Researchers in the US have developed the world's smallest commercial atomic clock. Known as the SA.45s Chip Size Atomic Clock (CSAC), it could be yours for just $1500. The clock, initially developed for military use, is about the size of a matchbox, weighs about 35 grams and has a power requirement of only 115 mW. Not your everyday timekeeper, the team behind the clock claim that it could have varied and wide-ranging applications, from disabling bombs to searching for oil.

Atomic clocks use a specific electronic transition frequency of an atom as a frequency standard, with the "ticks" being the oscillations between two energy states in an atom. Generally, a feedback loop is used to lock the frequency of a light source to that of the transition, thus creating a stable frequency standard.

This latest clock has been jointly developed at Symmetricom, Draper Laboratory and Sandia National Laboratories in the US. The clock comprises a highly compact "physics package" that contains the caesium atoms used and sits on a circuit board within a tiny box. The caesium atoms are held within a resonance cell and are heated to a vapour state by plates situated at the top and bottom of the package.

Modulating microwaves

An optimized vertical-cavity surface-emitting laser (VCSEL) is shone through the vapour, causing excitation in the caesium atoms. The laser light is modulated by a microwave signal generator on the chip. This allows the laser’s single beam to excite the caesium atoms at two different energy levels. Interference between these two levels is then detected by a photodiode that forms part of a feedback loop. The loop optimizes the number of photons absorbed by the caesium atoms. The clock indicates that 1 s has elapsed after counting exactly 4596,315,885 cycles of the microwave oscillator signal.

The physics package is vacuum sealed and then covered by a layer of magnetic shielding, before being placed on the printed circuit board (PCB), which is then sealed so that it is airtight. The lid and base plate of the array both serve as a second layer of magnetic shielding.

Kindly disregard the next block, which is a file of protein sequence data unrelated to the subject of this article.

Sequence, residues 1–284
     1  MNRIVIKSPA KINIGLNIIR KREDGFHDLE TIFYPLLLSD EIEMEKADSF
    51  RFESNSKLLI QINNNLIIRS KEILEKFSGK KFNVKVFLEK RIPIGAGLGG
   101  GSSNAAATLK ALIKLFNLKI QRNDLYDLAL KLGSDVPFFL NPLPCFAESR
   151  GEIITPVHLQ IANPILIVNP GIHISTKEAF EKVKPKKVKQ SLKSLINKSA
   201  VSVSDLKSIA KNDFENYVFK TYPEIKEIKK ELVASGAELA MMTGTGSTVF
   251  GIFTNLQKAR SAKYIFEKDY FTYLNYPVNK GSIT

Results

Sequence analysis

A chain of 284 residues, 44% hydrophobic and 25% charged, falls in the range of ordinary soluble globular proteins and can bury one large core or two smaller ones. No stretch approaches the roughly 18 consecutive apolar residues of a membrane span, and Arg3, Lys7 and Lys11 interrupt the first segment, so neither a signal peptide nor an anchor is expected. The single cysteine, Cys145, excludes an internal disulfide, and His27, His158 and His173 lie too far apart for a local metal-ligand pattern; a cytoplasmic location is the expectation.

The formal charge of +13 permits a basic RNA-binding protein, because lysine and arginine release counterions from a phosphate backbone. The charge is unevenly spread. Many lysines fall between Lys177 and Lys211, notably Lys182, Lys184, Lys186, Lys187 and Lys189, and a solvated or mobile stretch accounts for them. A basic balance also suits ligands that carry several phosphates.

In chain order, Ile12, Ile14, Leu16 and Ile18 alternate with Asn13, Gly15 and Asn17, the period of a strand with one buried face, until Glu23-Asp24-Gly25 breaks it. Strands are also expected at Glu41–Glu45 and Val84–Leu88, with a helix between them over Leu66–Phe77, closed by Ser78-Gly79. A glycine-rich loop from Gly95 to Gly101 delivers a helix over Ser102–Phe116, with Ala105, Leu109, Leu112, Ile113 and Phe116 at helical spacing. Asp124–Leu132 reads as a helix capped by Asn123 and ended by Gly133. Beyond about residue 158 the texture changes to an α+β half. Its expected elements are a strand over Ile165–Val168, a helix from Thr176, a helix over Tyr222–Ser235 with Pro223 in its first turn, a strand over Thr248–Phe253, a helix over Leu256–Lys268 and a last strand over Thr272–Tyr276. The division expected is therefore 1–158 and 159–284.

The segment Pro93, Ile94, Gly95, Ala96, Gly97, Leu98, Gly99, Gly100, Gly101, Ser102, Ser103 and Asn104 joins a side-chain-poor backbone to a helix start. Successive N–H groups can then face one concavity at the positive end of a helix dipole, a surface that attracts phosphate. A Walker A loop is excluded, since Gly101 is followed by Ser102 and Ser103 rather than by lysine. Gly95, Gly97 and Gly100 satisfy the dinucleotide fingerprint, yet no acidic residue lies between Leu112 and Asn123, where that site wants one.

All the components on the PCB are optimized for power efficiency at the smallest size possible. As a result, the circuitry around the physics package consumes about 95 mW, with the physics package itself consuming about 10 mW. Allowing for production faults, the CSAC has a total power consumption of only 115 mW, according to Steve Fossi, Symmetricom’s director of business development.

Idea born at NIST

In 2004 Physics World reported that John Kitching and his team at the US National Institute of Standards and Technology (NIST) in Boulder, Colorado, created what was then the most compact and portable chip-scale atomic clock. So what is different about this latest device? According to Kitching, this new product is essentially a commercial version of the work pioneered by his group at NIST between 2001 and 2005. "The Symmetricom collaboration also had an active research programme during that time that was funded in parallel with ours by the Defense Advanced Research Project Agency [DARPA]."

While the Symmetricom and NIST clocks are about the same size, the main advantage of this new clock is that the power required to run it is much less than any previous commercial atomic clock: 115 mW, compared with more than 1 W for all other atomic clocks. "This means it will open many new applications for precision timing, particularly those where only battery power is available," says Kitching.

"Because few DARPA technologies make it to full industrial commercialization for dual-use applications, this is a very big deal," says Gil Herrera, director of Sandia's Microsystems and Engineering Sciences Application centre. "CSAC now is a product with a datasheet and a price."

"The work between the three organizations was never 'thrown over the wall'," says Sandia manager Charles Sullivan, using an expression that has come to mean complete separation of effort. "There was tight integration from beginning to end of the project."

Jamming roadside bombs

The clock could find a use in disabling improvised explosive devices (IED) or roadside bombs that are detonated wirelessly using everything from mobile phones to toy remote controls. Such bombs can be disabled using portable jammers that block all communications signals in the area. While this solves the immediate problem of the bomb, it also prevents friendly forces from using radio communications. The CSAC would provide the precise timing required to jam bomb-related communications while allowing friendly signals to get through.

The device could also be used in places where GPS timing signals are not available, for example in deep-sea diving, mining and seismic research. In particular, the clocks could be deployed in underwater sensors that rely on the precision timing of seismic signals for oil and gas exploration. In this case, the clocks on each sensor would need to be accurate, small and run on very low power so that the sensors could remain underwater for prolonged periods of time. The CSAC has only 10–20% of the power requirement of existing sensor clocks but is about a 100 times more accurate.